Worldwide, one in eight people were living in extreme poverty in 2012, while 10% of the world’s workers and their families were living on less than $1.90 a day in 2015.
Almost 800 million people still go hungry, with more than half of the adult population in sub-Saharan Africa facing moderate or severe food shortages in 2015. Meanwhile, an estimated 158.6 million children worldwide under 5 had stunted growth in 2014.
Health & Well-Being
An estimated 5.9 million children under 5 died in 2015, mostly from preventable causes. The same year, 2.1 million people became infected with HIV, and almost half of the world’s population was at risk of malaria with sub-Saharan Africa accounting for roughly 89% of the cases.
Some 59 million children of primary school age did not attend class in 2013, while 757 million people over the age of 15 remained illiterate, two-thirds of them women.
More than one in four girls worldwide marry before they are 18, while in 30 countries, one-third of females 15 to 19 have undergone genital mutilation.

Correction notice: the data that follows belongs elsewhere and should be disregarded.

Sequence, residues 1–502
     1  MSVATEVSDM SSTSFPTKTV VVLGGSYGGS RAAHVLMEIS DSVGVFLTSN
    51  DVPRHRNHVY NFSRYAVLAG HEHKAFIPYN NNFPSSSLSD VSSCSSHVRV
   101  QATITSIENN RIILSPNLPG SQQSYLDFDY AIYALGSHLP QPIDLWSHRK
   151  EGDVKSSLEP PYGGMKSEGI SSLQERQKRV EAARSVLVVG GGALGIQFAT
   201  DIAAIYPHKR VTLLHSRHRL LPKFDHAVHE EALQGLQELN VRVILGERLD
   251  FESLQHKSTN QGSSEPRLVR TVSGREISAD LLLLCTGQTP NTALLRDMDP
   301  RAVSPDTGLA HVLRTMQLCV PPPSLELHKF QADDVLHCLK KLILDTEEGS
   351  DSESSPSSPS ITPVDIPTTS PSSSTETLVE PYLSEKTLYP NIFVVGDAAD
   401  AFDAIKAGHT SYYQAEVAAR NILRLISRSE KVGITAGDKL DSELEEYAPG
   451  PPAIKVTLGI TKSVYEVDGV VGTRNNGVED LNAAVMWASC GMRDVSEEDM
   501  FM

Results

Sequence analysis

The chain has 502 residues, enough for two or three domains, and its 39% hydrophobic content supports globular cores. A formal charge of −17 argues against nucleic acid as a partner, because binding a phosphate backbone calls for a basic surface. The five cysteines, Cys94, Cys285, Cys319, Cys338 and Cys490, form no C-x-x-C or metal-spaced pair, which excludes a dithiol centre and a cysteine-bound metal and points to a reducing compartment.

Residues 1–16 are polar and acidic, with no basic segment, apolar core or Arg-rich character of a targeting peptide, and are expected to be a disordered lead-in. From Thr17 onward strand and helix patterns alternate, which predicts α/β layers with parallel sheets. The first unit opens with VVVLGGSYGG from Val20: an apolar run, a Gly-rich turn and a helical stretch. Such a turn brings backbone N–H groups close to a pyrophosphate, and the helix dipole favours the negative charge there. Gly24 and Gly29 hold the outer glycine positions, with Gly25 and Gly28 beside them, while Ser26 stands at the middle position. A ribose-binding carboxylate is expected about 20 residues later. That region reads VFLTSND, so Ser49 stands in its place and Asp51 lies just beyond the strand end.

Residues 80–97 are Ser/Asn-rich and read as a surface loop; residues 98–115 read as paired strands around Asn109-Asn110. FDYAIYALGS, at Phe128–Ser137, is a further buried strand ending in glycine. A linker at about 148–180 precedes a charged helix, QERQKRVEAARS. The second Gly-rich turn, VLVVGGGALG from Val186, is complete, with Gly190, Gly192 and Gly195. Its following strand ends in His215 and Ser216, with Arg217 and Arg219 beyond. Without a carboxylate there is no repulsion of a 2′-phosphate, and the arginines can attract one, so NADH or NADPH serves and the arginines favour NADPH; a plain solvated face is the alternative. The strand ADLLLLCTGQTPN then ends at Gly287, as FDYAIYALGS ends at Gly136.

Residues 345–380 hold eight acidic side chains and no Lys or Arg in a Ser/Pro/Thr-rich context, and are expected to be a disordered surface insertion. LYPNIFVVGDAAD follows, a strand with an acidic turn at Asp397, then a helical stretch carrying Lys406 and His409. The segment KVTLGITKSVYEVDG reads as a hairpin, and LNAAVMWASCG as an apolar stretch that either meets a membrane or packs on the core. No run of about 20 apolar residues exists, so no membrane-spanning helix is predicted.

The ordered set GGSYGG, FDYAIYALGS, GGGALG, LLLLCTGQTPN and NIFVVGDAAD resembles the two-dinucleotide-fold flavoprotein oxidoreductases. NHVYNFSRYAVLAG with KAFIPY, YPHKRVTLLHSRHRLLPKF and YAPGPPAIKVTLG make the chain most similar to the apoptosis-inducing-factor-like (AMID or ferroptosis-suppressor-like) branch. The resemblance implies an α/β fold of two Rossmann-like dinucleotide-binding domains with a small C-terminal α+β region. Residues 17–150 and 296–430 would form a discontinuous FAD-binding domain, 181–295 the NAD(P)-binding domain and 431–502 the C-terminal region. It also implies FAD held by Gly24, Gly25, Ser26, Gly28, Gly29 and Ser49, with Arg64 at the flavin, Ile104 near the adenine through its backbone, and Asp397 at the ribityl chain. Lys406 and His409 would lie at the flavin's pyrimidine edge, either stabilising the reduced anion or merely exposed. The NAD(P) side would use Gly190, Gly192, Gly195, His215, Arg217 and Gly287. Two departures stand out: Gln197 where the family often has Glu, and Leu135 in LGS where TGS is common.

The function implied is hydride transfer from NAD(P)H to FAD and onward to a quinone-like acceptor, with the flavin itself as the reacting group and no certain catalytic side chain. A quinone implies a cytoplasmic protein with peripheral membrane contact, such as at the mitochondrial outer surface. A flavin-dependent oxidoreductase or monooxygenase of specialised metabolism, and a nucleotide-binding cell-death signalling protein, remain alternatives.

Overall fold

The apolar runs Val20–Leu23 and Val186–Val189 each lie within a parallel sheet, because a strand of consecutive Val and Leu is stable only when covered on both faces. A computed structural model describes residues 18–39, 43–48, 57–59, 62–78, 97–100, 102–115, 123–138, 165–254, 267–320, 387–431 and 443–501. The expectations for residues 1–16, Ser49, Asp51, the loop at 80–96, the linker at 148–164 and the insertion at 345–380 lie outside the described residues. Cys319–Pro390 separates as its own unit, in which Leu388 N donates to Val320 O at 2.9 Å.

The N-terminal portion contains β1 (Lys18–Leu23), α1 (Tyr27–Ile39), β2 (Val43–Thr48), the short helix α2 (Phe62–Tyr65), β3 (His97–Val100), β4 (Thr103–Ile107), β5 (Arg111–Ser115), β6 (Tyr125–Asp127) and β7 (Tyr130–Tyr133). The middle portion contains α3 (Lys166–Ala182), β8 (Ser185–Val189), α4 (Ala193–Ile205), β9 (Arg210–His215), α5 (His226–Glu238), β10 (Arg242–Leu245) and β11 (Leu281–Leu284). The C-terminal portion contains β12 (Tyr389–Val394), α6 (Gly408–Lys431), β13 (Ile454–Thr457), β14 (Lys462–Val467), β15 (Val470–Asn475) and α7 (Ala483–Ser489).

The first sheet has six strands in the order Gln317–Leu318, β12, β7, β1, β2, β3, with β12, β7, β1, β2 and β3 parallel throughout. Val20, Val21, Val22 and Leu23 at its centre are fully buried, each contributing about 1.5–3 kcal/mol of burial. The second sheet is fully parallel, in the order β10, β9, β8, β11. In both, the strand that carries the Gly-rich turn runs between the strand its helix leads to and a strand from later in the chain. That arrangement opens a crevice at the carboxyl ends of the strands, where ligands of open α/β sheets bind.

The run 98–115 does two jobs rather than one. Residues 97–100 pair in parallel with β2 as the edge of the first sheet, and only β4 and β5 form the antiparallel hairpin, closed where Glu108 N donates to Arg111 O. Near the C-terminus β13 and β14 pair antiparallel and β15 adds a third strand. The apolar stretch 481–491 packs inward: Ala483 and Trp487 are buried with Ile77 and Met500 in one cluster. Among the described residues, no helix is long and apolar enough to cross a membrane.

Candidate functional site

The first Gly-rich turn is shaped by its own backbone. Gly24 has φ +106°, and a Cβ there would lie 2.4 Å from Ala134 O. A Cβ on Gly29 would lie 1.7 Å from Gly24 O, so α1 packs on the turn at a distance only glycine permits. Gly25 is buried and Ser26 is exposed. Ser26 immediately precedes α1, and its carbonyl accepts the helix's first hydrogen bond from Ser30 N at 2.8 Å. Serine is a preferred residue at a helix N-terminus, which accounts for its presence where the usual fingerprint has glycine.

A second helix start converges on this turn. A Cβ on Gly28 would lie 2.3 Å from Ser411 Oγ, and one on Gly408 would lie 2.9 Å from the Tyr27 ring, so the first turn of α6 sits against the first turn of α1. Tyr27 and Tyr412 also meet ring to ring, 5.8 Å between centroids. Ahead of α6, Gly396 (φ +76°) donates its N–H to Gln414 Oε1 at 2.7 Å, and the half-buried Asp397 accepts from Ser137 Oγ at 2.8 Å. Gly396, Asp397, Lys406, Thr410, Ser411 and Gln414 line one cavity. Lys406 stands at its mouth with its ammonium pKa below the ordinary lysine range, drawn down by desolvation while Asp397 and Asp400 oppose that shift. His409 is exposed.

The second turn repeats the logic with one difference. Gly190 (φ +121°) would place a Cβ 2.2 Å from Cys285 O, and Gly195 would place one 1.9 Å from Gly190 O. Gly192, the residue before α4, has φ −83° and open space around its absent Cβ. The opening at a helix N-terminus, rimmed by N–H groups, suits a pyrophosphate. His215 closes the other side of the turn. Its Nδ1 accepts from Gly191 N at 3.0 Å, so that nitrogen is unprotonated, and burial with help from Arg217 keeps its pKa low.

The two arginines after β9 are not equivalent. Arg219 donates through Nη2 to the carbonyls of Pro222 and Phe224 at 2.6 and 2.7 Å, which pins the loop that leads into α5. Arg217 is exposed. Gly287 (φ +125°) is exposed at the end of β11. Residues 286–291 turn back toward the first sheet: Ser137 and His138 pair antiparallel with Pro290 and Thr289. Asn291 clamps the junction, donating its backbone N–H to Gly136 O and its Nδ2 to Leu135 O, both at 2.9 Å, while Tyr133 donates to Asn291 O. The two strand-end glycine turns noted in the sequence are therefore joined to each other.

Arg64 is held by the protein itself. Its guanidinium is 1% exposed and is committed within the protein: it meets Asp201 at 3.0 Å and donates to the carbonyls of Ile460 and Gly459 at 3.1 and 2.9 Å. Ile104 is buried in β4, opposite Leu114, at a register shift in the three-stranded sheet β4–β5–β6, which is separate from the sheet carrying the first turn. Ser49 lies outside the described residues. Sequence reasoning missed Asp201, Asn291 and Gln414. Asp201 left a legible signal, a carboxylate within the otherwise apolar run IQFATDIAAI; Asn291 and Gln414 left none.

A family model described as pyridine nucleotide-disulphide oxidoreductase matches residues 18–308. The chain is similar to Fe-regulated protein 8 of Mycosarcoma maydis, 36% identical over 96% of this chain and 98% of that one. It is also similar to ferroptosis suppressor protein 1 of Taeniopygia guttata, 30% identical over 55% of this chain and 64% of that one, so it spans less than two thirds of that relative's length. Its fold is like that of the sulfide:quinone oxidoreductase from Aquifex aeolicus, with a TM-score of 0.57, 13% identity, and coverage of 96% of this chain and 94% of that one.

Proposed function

Water and Sanitation
More than 2 billion people lack regular access to water, and around the same number has access to only poor sanitation. Of these, some 946 million don’t have toilet facilities and continue to practice open defecation.
Around 1.1 billion people live without electricity, while in 2014 more than 40% of the world’s population was cooking with fuels considered unhealthy and that worsen air quality. The majority with access to electricity worldwide are urban dwellers.
Work and Economic Growth
The average annual growth rate of real gross domestic product per capita in the least developed countries declined to 2.6% from 2010 to 2014. Women are twice as likely as men to be unemployed in Western Asia and Northern Africa. Meanwhile, some 2 billion people don’t have bank accounts.
Around 83,000 people died and 211 million were affected annually by natural disasters from 2000 to 2013. But in 2015 only 83 countries reportedly had any laws or regulations or managing disaster risk.
Peace and Justice
The murder rate in developing countries from 2008 to 2014 was twice that of developed countries, and young people are “over-represented among direct and indirect victims of violence,” according to the report. Annually, about 200,000 of the world’s homicides involve people ages 10 to 29. In 2011, 34% of the victims of human trafficking globally were children, up from 13% in 2004. And 30% of the people jailed between 2012 and 2014 had still not been sentenced.